keywords = "age, cytokine, Environment, ethnic, immunity, infants, innate, race, responses",
author = "Mathieu Garand and Bing Cai and Kollmann, {Tobias R.}",
year = "2017",
month = "1",
day = "1",
doi = "10.1177/1753425916671018",
language = "English",
volume = "23",
pages = "3--10",
journal = "Innate Immunity",
issn = "1753-4259",
publisher = "SAGE Publications Ltd",
number = "1",

}

TY - JOUR

T1 - Environment impacts innate immune ontogeny

AU - Garand, Mathieu

AU - Cai, Bing

AU - Kollmann, Tobias R.

PY - 2017/1/1

Y1 - 2017/1/1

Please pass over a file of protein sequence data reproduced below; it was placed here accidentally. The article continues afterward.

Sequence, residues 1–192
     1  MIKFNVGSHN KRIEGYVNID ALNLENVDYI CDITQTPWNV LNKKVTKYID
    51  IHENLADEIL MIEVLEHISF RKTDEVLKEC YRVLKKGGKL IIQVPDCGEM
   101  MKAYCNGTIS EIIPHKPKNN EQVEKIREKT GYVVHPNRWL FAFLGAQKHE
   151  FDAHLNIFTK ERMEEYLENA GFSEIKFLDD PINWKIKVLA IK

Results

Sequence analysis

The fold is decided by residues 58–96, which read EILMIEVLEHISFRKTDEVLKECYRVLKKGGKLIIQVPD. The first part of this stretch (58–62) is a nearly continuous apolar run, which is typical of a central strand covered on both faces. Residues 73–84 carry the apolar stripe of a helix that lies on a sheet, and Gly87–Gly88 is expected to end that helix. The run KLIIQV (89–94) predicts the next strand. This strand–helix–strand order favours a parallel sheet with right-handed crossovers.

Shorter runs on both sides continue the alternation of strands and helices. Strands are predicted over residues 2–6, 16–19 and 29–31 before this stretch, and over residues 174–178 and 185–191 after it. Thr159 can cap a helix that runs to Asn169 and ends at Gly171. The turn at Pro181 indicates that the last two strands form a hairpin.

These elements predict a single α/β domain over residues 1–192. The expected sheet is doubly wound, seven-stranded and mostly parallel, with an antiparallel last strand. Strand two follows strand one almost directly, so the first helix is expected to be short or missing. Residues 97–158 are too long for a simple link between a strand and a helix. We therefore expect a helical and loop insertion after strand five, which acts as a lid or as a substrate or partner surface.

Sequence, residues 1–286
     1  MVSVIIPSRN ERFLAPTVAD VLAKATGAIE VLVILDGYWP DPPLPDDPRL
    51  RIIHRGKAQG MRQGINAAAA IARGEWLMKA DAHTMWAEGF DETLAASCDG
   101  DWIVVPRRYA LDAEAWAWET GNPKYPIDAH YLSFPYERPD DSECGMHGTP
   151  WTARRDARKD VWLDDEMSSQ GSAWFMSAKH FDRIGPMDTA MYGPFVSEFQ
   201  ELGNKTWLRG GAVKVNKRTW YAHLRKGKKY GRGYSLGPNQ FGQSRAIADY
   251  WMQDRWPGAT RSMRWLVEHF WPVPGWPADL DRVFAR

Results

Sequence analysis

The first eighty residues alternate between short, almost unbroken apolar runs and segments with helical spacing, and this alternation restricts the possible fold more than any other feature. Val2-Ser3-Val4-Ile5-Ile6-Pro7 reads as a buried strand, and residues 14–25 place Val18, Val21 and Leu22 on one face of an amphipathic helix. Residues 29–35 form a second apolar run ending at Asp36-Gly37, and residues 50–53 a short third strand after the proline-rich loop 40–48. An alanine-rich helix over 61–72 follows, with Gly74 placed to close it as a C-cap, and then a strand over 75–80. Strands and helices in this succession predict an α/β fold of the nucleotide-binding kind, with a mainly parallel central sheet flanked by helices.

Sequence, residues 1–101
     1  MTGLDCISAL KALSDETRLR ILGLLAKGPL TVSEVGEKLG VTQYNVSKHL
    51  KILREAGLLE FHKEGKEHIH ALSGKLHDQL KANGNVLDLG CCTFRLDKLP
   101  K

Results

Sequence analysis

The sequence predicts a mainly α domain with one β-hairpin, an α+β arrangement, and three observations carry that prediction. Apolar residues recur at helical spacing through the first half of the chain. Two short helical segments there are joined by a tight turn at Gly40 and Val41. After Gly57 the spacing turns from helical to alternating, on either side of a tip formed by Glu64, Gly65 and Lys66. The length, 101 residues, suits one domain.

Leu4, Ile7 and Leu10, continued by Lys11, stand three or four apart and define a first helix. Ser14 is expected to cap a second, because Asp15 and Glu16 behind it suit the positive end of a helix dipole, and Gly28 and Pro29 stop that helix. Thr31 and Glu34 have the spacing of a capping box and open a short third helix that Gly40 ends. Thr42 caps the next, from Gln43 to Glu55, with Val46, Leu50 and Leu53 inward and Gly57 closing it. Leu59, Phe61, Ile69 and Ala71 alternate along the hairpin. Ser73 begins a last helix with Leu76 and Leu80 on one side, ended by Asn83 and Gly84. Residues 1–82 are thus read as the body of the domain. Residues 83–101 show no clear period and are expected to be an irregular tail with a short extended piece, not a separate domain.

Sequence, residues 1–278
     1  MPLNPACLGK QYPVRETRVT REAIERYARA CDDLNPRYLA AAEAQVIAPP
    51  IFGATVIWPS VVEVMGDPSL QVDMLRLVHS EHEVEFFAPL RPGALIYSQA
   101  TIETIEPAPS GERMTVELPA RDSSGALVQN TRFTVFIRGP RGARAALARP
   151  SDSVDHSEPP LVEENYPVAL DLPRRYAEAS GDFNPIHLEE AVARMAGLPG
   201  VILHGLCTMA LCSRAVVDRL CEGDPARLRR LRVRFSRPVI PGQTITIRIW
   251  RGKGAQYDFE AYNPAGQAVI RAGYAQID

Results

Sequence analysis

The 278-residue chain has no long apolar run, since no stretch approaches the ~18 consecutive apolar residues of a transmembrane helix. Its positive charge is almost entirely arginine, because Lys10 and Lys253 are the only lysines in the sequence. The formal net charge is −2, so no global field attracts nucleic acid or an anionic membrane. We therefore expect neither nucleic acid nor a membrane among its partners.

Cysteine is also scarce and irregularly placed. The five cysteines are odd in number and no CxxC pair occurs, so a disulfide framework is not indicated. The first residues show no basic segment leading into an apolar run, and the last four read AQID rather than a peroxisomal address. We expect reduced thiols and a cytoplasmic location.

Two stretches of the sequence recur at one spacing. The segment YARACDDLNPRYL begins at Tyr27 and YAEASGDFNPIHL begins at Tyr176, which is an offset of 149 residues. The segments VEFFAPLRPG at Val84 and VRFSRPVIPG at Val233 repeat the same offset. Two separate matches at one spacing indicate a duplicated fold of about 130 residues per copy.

N2 - Susceptibility to infection and response to vaccination differ between populations and as a function of age. The underlying mechanisms for this age- and population-dependent variation are not known. Specifically, it is unclear if these variations are due to differences in genetically encoded host programs or driven by environmental influences or a combination of both. To address the relationship between gene and environment regarding immune ontogeny, we determined the innate cytokine responses following PRR stimulation of blood mononuclear cells at birth, 1, and 2 yr of age in infants from Caucasian vs. Asian parents and were raised in the same city. At birth, we found that innate cytokine responses were significantly elevated in Asian compared with Caucasian infants. However, these differences waned and responses became more similar over the course of 1-2 yr of living in a similar environment. Our observations that innate response differences present at birth subsequently equalized rather than diverged suggest a key role for environmental effects common to both racial groups in shaping the innate immune responses early in life. Delineating the underlying environmental factors that modulate innate immune responses early in life could provide avenues for targeted beneficial immune modulation.